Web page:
I’ve been unsocial lately. I’ve preferred to stay at home and read (or something similar) rather than initiate social activities or make phone calls or write emails. This new state is most obvious when I see how long it’s been since I’ve texted certain people or messaged others on facebook. I have still accepted invitations when others initiate such as the five social events in 3.5 days I have coming up next week.
I write about this as it feels as if this ‘change’ in my life has arrived unannounced.
Back through my teenage years and early 20s, I felt as if I was never social enough. I didn’t have enough friends or weekend plans or skype time or receive enough text messages. To combat this problem I would always be on the look-out for the next appropriate opportunity to initiate these things.
A niggling part of me, perhaps the part that remembers all the effort I used to invest in having opportunities to socialise, feels disconcerted by this turn of events and wants me to do some social things soon such as texting all the people in my phone contacts who I could conceivably send one to or inviting people over for lunch.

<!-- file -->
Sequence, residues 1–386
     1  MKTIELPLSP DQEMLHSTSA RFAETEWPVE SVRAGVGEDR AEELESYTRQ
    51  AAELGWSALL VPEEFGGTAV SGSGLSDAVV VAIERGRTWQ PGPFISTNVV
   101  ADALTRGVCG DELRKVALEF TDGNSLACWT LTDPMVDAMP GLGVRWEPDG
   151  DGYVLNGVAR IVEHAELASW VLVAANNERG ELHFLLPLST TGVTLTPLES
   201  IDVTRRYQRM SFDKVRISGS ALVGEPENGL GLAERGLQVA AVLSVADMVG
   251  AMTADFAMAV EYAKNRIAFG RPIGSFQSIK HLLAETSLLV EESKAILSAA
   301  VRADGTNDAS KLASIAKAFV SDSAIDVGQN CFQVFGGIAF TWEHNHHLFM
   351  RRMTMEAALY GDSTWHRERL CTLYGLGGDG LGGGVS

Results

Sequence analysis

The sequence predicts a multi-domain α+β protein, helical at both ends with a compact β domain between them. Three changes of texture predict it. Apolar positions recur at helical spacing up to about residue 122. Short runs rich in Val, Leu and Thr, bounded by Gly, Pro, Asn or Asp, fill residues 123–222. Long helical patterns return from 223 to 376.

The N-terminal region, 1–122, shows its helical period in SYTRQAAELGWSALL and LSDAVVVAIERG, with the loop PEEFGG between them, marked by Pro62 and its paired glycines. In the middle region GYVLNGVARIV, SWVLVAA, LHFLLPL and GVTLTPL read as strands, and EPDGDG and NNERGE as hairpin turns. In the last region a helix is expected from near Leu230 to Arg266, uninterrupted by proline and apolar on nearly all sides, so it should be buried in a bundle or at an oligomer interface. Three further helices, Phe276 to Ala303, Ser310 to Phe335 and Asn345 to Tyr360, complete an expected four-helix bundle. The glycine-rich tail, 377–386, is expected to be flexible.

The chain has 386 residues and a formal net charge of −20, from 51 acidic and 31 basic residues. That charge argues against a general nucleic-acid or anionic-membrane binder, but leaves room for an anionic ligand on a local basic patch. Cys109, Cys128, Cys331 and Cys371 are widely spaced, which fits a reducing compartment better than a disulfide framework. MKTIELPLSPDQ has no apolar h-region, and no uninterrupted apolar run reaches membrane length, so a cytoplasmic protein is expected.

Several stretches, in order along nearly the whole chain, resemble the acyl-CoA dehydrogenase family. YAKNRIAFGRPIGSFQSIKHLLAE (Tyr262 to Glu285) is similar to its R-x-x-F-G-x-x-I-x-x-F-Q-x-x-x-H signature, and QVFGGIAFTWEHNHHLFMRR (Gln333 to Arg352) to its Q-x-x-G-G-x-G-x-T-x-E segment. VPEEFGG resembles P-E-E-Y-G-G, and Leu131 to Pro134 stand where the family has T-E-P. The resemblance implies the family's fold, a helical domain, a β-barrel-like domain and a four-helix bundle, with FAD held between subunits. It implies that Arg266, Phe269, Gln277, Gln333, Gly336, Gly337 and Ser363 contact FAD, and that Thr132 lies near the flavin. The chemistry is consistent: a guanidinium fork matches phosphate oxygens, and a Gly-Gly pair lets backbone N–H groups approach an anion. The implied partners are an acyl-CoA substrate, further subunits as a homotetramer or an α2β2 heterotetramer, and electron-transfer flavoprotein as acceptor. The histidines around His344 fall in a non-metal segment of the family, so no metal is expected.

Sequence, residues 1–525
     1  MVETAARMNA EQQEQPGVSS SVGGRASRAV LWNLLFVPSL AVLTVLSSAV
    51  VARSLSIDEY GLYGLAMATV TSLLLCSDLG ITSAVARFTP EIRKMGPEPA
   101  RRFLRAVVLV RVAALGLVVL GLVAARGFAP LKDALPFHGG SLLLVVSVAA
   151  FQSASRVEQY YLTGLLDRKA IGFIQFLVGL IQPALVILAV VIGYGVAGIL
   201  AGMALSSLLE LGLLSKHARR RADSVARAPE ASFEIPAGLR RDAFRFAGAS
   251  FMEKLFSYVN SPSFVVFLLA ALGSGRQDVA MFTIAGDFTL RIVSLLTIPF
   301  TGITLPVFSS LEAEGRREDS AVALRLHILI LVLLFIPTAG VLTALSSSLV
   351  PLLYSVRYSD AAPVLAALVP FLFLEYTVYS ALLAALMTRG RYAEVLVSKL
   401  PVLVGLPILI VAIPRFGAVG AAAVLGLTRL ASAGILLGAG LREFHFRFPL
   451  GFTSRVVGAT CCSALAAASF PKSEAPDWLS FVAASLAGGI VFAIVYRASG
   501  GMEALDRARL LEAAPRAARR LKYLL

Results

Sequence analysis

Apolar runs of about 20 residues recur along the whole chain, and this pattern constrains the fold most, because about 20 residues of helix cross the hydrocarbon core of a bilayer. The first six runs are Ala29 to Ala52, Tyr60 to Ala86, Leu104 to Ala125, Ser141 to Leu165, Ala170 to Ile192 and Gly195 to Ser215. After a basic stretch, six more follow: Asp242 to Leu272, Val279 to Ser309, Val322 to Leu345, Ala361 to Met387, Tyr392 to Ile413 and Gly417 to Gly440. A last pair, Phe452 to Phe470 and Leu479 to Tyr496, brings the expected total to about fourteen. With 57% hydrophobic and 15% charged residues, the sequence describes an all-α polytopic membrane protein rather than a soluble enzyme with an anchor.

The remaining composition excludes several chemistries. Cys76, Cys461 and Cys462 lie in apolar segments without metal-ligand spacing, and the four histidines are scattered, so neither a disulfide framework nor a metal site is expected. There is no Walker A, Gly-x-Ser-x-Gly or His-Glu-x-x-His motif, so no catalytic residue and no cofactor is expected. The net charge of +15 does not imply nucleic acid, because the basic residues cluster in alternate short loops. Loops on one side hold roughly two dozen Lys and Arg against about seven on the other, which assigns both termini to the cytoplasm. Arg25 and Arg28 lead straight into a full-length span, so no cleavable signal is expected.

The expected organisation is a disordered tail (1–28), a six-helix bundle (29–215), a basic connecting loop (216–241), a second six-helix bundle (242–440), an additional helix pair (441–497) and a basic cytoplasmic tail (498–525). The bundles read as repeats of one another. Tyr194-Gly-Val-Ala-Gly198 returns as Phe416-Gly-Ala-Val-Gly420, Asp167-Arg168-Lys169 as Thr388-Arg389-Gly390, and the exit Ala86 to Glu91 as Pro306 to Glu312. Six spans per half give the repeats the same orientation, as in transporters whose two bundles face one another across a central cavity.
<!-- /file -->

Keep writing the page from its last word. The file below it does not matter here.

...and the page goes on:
I’m not exactly sure what brought this on. It’s true that usually on weeknights after work I don’t seek company as I’m an emotionally drained introvert following non-stop interactions all day, but even after 2.5 weeks away from a classroom of teenagers I’m still enjoying my own company. Perhaps I’m aging and becoming less inclined to explore new relational landscapes. Perhaps I’m content with doing my own thing and there are plenty of these things to do. Perhaps I’m embracing my introversion.
Regardless, there has to be some kind of balance as losing contact with people and becoming a hermit is not a particularly healthy option although a beachside house nestled among the trees has a certain appeal. It’s also not a good idea to be physically present without trying to talk to people or care about and love them.
Overall, I sense it’s a good thing. Some of my ‘socialising’ and attempts at connection five years ago was driven more by a desperation to feel as if I met a certain standard of how much seeing people an early 20-something should do. This in turn led to valuing the event or the text rather than the person themselves, which wasn’t always the best thing for my relationships. Hopefully this new indifference to socialising means my interactions themselves will be more wholesome and better for the other person.
A few weeks ago I had lunch with a couple of friends and then we moved across the café to sit in front of the fire and talked for a couple of hours. It was wonderful to be me and enjoy them. Sometimes it’s worth going out, but the ability to be comfortable staying home means when I am out I’m freer now.